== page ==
Play the chord progression again but now in tempo largo. Tempo largo is between 40 and 60 bpm and should be played slow and broad. Now you have all this space to fill up. Isn’t that fantastic? I took advantage of this largo tempo and added some long and spacious vocal lines. These would have not been possible in our old moderato tempo. Check it out.

Your audience or listeners can take the time and listen to every detail. Isn’t that great?

Conclusion and Summary

With this article or lesson about how to use tempo in music, we barely scratched the surface of what’s possible songwriting and composition-wise. But I do hope that I inspired you to play around more with your music‘s tempo.

Whenever you’re stuck writing or performing a piece try to change the tempo. Often it will sound completely different. Not only does the music sound different. Your intention and articulation will adjust to the new tempo. The music just speaks differently.

The tempo of your music is a secret songwriting and composing tool that you should be aware of. Best of all, it is the easiest writing tool you can use.

Questions About What Is The Tempo In Music

Tempo is the speed or pace of a piece of music. If you’ve read this article about tempo you know why it’s so important. It can make or break your song. It affects the mood, expression, and flow of the music.

  • Tempo can create the right mood for your song. A fast tempo can create excitement and stress. A slow tempo can create a sense of inner peace or sadness.
  • Tempo can help to keep time and create a rhythm for the music. A stable and dependable tempo helps musicians play together and keep time.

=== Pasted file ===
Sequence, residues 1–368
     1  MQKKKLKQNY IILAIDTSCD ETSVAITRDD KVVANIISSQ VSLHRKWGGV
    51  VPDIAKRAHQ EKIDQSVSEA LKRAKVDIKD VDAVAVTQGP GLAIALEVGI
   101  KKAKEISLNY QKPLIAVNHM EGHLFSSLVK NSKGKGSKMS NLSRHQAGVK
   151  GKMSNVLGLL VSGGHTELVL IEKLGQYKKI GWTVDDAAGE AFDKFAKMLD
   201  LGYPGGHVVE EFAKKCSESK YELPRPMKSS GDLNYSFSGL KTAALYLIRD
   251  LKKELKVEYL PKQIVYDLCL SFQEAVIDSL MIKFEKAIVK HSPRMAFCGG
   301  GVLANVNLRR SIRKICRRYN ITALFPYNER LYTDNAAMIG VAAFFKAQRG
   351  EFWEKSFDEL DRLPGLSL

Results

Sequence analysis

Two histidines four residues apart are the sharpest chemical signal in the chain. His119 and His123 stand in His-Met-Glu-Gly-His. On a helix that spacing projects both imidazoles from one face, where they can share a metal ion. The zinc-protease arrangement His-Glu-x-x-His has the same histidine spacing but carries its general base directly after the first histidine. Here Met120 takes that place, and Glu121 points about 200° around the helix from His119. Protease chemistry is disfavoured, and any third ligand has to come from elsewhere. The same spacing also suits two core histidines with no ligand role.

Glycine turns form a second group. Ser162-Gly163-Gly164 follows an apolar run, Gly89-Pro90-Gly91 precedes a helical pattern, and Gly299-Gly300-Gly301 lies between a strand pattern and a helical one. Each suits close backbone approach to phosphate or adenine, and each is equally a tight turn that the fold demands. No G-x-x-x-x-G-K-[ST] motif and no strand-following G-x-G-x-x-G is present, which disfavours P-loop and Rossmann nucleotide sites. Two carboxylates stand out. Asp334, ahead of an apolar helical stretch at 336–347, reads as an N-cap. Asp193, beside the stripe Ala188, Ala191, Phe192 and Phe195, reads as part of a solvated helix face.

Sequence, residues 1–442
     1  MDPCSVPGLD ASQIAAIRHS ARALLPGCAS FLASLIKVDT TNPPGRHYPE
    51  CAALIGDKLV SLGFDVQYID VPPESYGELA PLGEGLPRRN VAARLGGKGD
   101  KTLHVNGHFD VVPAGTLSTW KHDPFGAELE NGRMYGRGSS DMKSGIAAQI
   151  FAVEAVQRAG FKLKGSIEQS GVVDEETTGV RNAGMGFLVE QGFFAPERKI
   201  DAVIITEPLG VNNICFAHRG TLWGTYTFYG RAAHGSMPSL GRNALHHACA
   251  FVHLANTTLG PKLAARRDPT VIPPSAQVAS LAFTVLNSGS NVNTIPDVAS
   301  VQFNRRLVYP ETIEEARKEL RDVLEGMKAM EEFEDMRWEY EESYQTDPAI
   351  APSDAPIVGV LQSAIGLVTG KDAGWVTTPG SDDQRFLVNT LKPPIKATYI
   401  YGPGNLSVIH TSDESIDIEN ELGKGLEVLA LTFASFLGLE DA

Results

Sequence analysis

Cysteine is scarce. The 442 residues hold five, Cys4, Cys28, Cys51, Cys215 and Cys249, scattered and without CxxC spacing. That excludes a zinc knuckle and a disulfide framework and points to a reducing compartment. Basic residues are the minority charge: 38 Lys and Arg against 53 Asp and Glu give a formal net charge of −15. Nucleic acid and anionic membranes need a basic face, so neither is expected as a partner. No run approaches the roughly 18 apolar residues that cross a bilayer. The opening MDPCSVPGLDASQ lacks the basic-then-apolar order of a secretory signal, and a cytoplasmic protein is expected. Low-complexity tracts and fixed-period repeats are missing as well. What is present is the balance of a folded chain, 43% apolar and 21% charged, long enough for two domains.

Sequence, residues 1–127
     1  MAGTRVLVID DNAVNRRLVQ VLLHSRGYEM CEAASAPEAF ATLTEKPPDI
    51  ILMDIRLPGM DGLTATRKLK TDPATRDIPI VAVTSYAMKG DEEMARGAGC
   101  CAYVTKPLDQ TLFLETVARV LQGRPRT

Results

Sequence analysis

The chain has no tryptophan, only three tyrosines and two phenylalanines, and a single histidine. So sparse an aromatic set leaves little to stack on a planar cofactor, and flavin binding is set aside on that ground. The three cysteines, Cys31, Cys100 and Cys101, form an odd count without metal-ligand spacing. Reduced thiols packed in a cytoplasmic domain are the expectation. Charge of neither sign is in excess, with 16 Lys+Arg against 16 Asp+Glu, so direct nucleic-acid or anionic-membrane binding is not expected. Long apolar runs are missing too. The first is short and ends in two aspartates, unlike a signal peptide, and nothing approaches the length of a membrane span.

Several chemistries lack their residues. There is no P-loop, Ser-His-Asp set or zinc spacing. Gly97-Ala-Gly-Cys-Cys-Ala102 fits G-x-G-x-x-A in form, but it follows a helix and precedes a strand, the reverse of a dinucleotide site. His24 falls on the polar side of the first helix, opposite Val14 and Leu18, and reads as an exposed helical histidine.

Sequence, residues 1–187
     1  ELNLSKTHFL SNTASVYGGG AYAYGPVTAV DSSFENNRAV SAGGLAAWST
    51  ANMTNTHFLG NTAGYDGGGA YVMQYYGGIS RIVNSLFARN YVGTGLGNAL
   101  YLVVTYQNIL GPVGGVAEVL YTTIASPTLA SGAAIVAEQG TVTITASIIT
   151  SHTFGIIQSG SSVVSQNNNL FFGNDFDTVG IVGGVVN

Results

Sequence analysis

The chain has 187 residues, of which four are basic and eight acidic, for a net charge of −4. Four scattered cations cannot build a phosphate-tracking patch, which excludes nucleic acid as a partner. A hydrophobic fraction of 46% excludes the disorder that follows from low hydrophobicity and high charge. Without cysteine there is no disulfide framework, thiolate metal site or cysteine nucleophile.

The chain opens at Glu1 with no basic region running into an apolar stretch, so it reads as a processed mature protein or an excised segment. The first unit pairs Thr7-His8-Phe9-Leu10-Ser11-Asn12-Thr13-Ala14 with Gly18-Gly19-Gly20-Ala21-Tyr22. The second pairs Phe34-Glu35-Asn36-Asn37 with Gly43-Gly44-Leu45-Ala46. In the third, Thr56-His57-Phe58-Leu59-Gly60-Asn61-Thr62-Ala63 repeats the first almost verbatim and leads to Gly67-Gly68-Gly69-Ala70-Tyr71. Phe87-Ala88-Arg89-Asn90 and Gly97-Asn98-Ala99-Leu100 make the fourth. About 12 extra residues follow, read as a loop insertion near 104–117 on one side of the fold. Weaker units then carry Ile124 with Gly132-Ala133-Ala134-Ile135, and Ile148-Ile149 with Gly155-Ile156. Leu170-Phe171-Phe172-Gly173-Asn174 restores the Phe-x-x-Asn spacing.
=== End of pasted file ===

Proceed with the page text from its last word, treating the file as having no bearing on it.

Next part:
• Tempo can add variation and interest to your music. When you change the tempo it can create contrast.

BPM is short for beats per minute. This is a unit to measure the exact tempo. When we talk about tempo we mean the speed at which a piece of music is played. You measure this by the number of beats that are counted within a minute.

So, a higher BPM means the music is played faster. And of course, a lower BPM means you play something slower. In classical music, different tempos and speeds have different names. Not only does it refer to the BPM number, but it also indicates a certain character. For example, tempo largo in music should be played broad and slow. While allegrissimo is played very fast, lively and bright. And presto in music is played even faster.

Yes, BPM and tempo are related but are not 100% the same. BPM is a way to express tempo numerically. But it doesn’t suggest the character of the music.

The common tempo numbers differ and depend on the genre and style of music. but the most common are tempos in the middle of the spectrum. Anything below 60 BPM becomes slow and everything above 160 BPM starts to become quite fast. For example, most pop music is between 70 and 140 BPM.

As a composer or songwriter, you must be aware of your music‘s tempo. What this means is that you know when a tempo is wrong or right for your music. Because choosing a too slow tempo will make your music drag. So if you want the piece to have a sense of urgency, then it cannot be largo or andante tempo. But if you want to write something romantic and emotional, then a fast tempo will not work. It will take away all the lovely details. When it’s emotional you want your listener to feel every beat.